AS11296 -- Hijacked?

James Hess mysidia at gmail.com
Sat Oct 2 18:59:01 CDT 2010


On Sat, Oct 2, 2010 at 3:41 PM, John Curran <jcurran at arin.net> wrote:
> On Oct 2, 2010, at 4:03 PM, Robert Bonomi <bonomi at mail.r-bonomi.com> wrote:
> Robert -
>    You are matching nearly verbatim from ARIN's actual procedures for recognizing a transfer via merger or acquisition.   The problem is compounded because often the parties appear years later, don't have access to the legal documentation of the merger, and there is no "corporate" surviving entity to contact.   Many parties abandon these transfers mid-process, leaving us to wonder whether they were exactly as claimed but simply lacking needed documentation, or whether they were optimistic attempts to hijack.
> /John

Hm.. just a thought...  if an org doesn't have and are unable to
obtain any good written documentation
at all,  from even the public record, then aren't they (as far as the
operator community should
be concerned) not the same registrant,  or authorized?

Where would a person be if they were trying to claim the right to a
certain piece of land, and someone else
(an opportunist/scammer) also claimed ownership using "papers" they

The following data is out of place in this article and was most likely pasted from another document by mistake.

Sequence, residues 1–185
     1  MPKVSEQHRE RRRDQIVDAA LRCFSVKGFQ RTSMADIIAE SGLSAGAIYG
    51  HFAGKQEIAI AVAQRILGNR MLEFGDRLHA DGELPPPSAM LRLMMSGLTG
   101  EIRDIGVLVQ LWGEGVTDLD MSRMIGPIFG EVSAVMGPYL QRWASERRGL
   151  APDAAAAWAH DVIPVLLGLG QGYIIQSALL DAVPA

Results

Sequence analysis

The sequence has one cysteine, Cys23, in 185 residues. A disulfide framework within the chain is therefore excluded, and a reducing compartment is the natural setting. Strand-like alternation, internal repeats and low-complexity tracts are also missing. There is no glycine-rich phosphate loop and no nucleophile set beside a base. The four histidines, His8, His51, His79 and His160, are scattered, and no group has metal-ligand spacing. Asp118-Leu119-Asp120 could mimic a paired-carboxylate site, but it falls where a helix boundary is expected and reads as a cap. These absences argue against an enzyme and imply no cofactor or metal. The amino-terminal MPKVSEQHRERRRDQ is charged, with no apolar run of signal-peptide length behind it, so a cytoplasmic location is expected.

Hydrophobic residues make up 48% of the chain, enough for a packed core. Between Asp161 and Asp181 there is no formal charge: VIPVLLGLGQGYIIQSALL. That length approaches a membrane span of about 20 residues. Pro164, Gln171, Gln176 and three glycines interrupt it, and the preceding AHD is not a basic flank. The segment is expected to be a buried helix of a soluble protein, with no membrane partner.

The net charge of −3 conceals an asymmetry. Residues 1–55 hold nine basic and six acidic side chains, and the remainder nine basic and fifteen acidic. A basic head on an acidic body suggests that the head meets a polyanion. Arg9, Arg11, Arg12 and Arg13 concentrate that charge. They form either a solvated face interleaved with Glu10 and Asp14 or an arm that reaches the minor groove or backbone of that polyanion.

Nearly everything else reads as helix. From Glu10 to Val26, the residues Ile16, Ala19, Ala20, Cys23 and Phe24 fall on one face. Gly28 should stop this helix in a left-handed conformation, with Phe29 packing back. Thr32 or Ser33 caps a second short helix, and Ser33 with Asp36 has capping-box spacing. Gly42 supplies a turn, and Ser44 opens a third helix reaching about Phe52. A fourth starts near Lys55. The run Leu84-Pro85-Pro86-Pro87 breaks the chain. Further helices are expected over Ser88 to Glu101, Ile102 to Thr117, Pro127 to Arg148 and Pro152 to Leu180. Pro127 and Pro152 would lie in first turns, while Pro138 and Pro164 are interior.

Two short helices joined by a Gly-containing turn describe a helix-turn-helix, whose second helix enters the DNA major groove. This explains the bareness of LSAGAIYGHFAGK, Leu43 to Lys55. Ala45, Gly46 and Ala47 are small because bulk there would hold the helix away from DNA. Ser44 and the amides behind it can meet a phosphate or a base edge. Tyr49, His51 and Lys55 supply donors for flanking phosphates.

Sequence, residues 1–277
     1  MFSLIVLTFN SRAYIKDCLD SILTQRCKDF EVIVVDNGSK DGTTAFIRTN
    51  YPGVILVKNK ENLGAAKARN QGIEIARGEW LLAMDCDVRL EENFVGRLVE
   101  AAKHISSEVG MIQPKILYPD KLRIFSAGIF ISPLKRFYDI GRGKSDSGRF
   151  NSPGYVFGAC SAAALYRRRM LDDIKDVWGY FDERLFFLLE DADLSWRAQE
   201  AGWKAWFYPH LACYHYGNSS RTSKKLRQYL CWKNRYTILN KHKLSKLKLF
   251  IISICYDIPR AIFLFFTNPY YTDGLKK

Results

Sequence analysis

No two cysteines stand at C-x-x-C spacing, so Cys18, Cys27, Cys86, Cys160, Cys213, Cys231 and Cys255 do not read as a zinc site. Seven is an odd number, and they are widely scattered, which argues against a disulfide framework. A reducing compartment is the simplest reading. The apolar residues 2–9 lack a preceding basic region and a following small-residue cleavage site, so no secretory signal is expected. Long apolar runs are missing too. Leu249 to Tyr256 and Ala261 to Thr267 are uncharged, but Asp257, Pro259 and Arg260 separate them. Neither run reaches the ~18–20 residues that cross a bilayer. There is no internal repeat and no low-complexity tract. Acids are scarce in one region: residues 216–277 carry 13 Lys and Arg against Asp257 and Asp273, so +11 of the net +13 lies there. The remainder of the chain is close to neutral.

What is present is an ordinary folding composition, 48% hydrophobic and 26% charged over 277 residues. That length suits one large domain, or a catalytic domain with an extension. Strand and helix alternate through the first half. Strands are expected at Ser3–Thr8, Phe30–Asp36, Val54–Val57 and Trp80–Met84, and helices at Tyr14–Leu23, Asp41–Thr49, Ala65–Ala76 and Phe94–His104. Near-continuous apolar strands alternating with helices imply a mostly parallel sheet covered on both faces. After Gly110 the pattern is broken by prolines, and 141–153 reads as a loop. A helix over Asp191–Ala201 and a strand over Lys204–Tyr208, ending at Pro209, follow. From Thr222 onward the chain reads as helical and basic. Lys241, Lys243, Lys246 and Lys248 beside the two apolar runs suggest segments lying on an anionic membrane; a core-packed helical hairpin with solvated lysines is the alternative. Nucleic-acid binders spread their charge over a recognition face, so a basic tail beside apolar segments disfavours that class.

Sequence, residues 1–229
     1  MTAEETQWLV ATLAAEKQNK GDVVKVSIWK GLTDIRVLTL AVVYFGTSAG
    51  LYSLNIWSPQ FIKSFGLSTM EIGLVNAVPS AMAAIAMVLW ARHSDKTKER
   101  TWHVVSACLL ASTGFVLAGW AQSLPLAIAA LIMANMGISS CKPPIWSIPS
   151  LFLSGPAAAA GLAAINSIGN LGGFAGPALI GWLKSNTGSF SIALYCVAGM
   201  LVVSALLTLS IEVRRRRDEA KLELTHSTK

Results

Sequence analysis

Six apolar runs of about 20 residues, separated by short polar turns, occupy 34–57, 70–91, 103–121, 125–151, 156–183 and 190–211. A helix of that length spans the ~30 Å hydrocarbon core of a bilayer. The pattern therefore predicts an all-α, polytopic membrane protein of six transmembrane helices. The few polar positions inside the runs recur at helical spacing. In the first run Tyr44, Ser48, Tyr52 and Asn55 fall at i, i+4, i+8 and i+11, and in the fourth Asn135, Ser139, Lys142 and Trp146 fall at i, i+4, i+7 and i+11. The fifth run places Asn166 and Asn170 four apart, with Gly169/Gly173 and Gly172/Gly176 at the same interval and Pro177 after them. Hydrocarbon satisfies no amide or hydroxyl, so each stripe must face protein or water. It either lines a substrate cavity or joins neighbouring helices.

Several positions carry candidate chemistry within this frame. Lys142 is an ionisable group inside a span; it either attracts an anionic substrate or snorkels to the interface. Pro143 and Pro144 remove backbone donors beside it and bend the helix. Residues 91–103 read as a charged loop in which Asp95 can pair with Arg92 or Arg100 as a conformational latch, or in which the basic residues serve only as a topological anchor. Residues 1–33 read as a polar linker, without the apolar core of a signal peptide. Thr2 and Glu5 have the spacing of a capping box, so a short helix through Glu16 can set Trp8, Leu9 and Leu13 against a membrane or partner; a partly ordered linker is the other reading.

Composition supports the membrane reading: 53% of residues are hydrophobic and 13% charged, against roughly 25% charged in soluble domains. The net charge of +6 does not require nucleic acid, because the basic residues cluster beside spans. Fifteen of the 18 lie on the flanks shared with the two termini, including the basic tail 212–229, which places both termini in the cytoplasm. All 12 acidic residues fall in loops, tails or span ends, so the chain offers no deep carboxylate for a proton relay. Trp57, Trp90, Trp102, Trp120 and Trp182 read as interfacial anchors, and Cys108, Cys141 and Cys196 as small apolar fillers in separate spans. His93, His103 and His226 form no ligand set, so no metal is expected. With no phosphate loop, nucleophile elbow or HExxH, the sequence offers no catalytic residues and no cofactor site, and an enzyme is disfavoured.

had created, but the 'rightful' owner
had neither a deed, nor a transfer agreement, proof of their use of
that land,  nor other certified document,
and the local authority  did not have any record of a transfer from
the now defunct original owner?
---

So, I wonder why only ARIN itself is singled out.. Have other RIRs
found something much
better to do with fraud reports?   This matters,  because scammers can
concentrate on
whichever IP blocks are easiest to hijack.

If ARIN somehow creates a hostile environment for scammers, they can concentrate
on  APNIC/RIPE/AfriNic/LACNIC-administered IP ranges  instead.

Assume scanners don't care or need to be undetected for long at all,
they just need to stay off
 'hijacked IP lists'  for a very brief time, perhaps a week, until
they are blacklisted by major RBLs for spamming,
stop using the range,  find a new one, under a new manufactured
identity, lather, rinse, ....

Even with excellent RIR detection and reclaiming of defunct ranges,
the most capable anti-scammer mechanisms may still be independent
Bogon lists and   RBLs.

Watch the  global visibility of  prefixes,   and detect when part of a
completely unannounced RIR assigned
prefix starts being announced or when an entire RIR prefix stops being
announced for more than a couple days or so.

And it doesn't fall into the category of  'newly registered prefix' .

Those should be additional "triggers"  for  defunct  contact detection
/ additional verification,
and  anti-fraud detection by RIRs and others.
Because address ranges can become defunct at any time....

Something  really should be watching for a previously defunct range
re-appearing  from a different AS or
from a completely different place net-wise.

--
-J




More information about the NANOG mailing list